After selling thousands of items during the clearance of a toy museum back in September, you’d have thought auctioneers at Moore Allen & Innocent in Cirencester would have had enough fun and games for the year.
But as Christmas approaches, the team are preparing to sell a Santa’s sackfuls of vintage playthings during their Selected Sale on Friday, December 9.
Among the best of the 80 lots in the toy section are a Victorian doll’s house as a three storey townhouse, standing at well over a metre tall, which should achieve between £600 and £800.
A Dinky Fordson Thames Flat Truck in its original box, carries an estimate of £60 to £100 and a boxed Dinky Guy Flat Truck is priced at £100 to £150.
Of the four rocking horses in the sale, the best is a Victorian painted horse in the manner of Stevenson on an associated red painted sleigh base, which carries a £500 to £800 estimate.
In the dolls section, a 39cm Victorian wax doll under a glass dome, bearing the label Wax Fairy Doll from Queen Victoria’s last Christmas tree at Osborne 1900… is expected to achieve between £200 and £300.
And a pair of painted papier-maché and wooden transfer decorated wrestling figures of politicians – Gladstone and Lord Salisbury – together with another similar pair as Turkish wrestlers, also carry a £200 to £300 estimate.
Caricatures also feature outside the toy section. Among a wide selection of Staffordshire pottery, a collection of early 19th century Toby jugs features likenesses of John Milton (£100 to £150) and The Reverend John Wesley (£60 to £100), while a traditional Toby in tri-corn hat, his face with various blemishes, an ale jug upon his knee, bearing an old label to underside inscribed J D Neil Smith Collection, carries an estimate of £500 to £800.
Famous faces can also be found on pieces of needlework. A 17th Century silk oval medallion depicting Charles I, measuring just 9cm by 8cm, carries an estimate of £800 to £1,200, a 17th Century needlework panel decorated with two oval medallions depicting a King and Queen should make £300 to £500, and a 17th Century French rolled and quilled paper panel centred by an oval depicting Christ feeding the disciples carries a £1,000 to £1,500 estimate.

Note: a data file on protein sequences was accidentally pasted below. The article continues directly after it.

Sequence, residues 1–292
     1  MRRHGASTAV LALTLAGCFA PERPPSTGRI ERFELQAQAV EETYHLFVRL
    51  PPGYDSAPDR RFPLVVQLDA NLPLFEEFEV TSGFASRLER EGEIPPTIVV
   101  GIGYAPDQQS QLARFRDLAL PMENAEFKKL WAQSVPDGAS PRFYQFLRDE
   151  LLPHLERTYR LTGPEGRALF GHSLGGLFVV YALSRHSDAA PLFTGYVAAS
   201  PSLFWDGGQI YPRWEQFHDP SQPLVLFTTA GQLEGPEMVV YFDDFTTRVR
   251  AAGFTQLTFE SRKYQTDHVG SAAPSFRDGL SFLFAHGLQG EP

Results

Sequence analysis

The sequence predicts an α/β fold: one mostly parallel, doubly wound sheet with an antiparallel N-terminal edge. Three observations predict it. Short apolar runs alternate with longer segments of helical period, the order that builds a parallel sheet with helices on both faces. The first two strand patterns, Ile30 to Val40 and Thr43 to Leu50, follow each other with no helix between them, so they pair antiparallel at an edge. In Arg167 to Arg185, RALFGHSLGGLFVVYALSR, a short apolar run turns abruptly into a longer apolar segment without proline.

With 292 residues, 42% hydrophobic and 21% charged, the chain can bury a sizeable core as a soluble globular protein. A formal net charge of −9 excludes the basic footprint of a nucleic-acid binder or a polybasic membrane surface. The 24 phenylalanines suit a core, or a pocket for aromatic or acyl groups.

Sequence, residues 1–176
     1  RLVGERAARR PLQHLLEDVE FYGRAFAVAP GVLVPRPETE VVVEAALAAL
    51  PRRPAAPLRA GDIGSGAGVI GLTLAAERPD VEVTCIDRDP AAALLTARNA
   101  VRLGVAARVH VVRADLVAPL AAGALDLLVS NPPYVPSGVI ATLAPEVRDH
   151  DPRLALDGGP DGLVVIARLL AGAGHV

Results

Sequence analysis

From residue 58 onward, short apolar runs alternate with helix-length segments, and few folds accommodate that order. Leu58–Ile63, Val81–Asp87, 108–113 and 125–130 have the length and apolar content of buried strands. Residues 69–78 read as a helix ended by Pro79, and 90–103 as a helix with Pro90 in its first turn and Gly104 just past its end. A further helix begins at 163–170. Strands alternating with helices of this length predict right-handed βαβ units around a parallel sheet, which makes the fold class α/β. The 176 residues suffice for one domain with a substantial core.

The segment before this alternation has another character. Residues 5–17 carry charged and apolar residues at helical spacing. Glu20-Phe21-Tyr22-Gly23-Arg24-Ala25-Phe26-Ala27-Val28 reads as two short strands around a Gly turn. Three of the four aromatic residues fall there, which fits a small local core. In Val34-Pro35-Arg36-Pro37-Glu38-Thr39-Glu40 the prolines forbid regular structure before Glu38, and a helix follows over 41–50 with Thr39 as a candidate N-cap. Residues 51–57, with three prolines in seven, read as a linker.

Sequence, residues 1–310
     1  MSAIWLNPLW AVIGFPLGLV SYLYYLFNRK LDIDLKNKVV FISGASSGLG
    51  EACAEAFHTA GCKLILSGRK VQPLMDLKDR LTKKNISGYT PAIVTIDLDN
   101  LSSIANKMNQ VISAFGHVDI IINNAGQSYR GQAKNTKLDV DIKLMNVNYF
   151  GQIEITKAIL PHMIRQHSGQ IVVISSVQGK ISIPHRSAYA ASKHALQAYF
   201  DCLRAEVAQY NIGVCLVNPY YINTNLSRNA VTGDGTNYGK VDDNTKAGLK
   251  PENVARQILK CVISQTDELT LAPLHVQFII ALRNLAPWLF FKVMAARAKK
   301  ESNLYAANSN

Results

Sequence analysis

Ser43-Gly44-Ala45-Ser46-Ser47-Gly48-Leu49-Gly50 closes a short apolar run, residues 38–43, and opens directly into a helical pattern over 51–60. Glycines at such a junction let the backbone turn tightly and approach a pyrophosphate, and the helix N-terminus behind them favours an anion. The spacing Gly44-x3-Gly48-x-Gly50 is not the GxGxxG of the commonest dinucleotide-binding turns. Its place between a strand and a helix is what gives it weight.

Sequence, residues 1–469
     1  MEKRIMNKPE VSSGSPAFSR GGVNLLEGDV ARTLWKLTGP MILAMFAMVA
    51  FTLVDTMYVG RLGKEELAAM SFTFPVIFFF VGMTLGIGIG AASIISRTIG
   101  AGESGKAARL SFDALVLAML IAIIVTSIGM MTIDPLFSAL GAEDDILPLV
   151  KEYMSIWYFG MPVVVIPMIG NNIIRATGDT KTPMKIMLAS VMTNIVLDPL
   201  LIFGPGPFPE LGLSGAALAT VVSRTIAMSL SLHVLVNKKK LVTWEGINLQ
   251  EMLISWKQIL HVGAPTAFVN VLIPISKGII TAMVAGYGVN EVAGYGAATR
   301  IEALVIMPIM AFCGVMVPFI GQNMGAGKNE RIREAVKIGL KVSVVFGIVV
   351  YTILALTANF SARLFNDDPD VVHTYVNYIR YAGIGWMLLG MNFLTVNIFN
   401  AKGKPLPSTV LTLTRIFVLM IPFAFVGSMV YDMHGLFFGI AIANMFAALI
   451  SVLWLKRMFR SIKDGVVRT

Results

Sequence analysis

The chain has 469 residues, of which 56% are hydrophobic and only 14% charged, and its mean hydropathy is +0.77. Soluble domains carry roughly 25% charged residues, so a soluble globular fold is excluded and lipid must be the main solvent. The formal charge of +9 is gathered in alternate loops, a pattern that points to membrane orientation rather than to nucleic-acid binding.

For bidders looking for a special timepiece to ring in the new year there are six long case clocks from which to choose, including an early 18th Century walnut cased clock by the celebrated John Ellicot of London, which should make £6,000 to £9,000.
And for the man thinking of popping the question over the festive season, a selection of rings will make any woman swoon – especially the gold ring with 1.2 carat sapphire surrounded by 30 diamonds of 1.5 carats, which carries an estimate of £2,000 to £3,000. Failing that, the white gold ring with three diamonds totalling 1.3 carats, estimated at £1,500 to £2,000, should clinch the deal.
For those for whom Christmas would not be Christmas without a clutch of designer labels there are some real treats in the furniture section.
Highlights include a late Victorian rosewood and ivory marquetry inlaid side cabinet by Collinson & Lock of London at £2,000 to £3,000; a late Victorian ebonised writing table by Howard & Sons of London at £500 to £800; a 19th Century ebonised and gilt decorated desk at £1,000 to £1,5000 and a 19th Century mahogany desk at £800 to £1,200, both by Gillow & Co; and an oak dressing table and oak dressing chest, both dating from the 1920s and made for Heals of London, both with an auctioneer’s estimate of £200 to £300.
Elsewhere in the furniture section there’s a George II walnut side chair, which carries an estimate of £1,000 to £1,500. Described by auctioneer Philip Allwood as “a bit shabby, but one of the loveliest chairs I have seen in a long time,” the anthropomorphic chair, with its lion paw and ball feet, maintains remnants of the original mid-18th century upholstery.
A rhino horn cup (£1,000 to £1,500) and matching rhino horn beaker (£600 to £1,000) are attracting the attention that rhino horn always does, although these pieces come with interesting provenance: shot by Samuel Ernest Sawyers Ellis, warrant officer in charge of railways in Kenya/Tanganyika, on September 24 1944, the horns were carved by Italian prisoners of war.
Finally for the relative who has everything, how about a Japanese wakizashi sword with 16th Century blade, attributed to Sue-Seki? Guaranteed to slice with ease through turkey and Christmas cake alike, the sword carries an estimate of £1,000 to £1,500.
For an full auction catalogue, log on to www.mooreallen.co.uk